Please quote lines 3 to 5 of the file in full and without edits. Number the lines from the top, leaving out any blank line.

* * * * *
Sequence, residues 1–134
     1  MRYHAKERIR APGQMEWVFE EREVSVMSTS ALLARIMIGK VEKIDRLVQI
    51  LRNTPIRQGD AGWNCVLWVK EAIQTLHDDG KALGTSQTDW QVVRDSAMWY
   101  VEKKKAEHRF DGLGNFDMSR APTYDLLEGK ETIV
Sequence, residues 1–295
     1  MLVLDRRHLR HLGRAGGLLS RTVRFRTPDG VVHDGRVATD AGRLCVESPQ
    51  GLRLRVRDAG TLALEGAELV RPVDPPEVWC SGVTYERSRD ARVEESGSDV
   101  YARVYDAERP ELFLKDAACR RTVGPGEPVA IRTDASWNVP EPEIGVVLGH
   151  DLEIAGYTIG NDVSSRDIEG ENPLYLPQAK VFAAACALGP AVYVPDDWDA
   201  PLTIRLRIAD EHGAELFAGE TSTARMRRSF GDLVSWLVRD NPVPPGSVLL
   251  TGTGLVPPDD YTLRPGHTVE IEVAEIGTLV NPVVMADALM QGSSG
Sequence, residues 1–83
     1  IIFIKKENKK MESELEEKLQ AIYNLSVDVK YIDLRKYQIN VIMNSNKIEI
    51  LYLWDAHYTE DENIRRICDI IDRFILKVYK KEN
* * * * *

    51  LRNTPIRQGD AGWNCVLWVK EAIQTLHDDG KALGTSQTDW QVVRDSAMWY
   101  VEKKKAEHRF DGLGNFDMSR APTYDLLEGK ETIV
Sequence, residues 1–295